Former French PM held talks on Libya in Tunisia

, Comments 0 comments

Former French prime minister and top diplomat Dominique de Villepin recently met Libyan figures to discuss ways out of the conflict in their country, he said Thursday.

Speaking to the daily Le Parisien, Villepin was cautious but confirmed reports in the Arab press that he had travelled to the resort town of Djerba in southern Tunisia for talks on the crisis.

"I was indeed there, but I really can't make any comment, as this might compromise the chances of these discussions being successful or useful," he told the newspaper.

The French foreign ministry told AFP: "We make no comment on press stories nor on the private travel of French figures abroad."

Villepin is best known internationally for making an impassioned speech at the United Nations warning against the 2003 US-led invasion of Iraq while serving as foreign minister to then French president Jacques Chirac.

But since then he has fallen out with the current president, his long-standing rival Nicolas Sarkozy, and he is building a career as a centre-right dissident and possible presidential candidate.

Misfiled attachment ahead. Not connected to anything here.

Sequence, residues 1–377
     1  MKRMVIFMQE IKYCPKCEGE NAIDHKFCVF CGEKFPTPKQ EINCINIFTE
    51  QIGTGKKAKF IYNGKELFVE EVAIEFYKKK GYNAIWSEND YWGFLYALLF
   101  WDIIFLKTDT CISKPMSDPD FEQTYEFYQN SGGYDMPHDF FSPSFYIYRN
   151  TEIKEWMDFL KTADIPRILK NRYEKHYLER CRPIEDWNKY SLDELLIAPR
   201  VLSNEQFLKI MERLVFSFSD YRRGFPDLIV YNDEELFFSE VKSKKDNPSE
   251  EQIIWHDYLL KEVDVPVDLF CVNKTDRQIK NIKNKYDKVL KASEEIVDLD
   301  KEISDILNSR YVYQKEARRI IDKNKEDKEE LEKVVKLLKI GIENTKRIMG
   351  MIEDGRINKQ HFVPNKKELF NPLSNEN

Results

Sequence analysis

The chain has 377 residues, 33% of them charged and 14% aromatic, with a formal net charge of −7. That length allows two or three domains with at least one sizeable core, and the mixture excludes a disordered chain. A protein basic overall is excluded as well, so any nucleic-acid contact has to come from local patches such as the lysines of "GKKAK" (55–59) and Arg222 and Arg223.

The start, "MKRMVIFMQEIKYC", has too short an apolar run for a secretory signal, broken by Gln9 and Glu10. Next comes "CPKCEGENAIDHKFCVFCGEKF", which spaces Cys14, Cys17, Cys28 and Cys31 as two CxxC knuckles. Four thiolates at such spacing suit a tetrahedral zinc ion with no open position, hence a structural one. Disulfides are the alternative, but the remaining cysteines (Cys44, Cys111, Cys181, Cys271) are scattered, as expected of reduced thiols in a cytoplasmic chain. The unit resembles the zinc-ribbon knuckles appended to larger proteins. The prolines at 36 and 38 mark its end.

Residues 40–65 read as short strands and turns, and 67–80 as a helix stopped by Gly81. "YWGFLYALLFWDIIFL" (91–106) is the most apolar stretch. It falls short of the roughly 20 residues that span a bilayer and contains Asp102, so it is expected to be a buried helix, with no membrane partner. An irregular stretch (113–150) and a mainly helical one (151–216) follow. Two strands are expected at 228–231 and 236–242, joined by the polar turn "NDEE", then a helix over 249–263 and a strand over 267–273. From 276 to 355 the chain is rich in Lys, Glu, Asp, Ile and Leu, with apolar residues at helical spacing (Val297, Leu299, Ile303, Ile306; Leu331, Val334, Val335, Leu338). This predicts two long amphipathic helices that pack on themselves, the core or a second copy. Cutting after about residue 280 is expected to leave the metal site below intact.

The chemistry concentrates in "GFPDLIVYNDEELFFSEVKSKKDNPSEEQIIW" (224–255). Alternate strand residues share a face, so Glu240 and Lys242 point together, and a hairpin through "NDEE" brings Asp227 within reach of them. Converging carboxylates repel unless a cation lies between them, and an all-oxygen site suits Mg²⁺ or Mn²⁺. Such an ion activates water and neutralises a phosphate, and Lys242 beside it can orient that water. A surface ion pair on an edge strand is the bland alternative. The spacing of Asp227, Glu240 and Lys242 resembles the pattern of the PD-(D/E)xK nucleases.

A close associate confirmed to AFP that Villepin had gone to Tunisia for talks with Libyans, adding: "It was the action of a man of dialogue and peace who is very well known in the Arab world."

There have been conflicting reports over the significance of the informal meetings reportedly taking place in the luxury hotels of Djerba, a Tunisian seaside town which is a short drive from the Libyan border.

Some have suggested that figures from strongman Moamer Kadhafi's embattled regime are privately talking to representatives of the Libyan rebellion with a view to finding a negotiated solution to the conflict.

A senior UN envoy attended the discussions this week.

But the rebels' shadow government, the National Transitional Council (NTC), said it has not sent formal representatives to any talks and insists it will not talk to the regime until Kadhafi and his sons quit power.

© 2011 AFP

0 Comments To This Article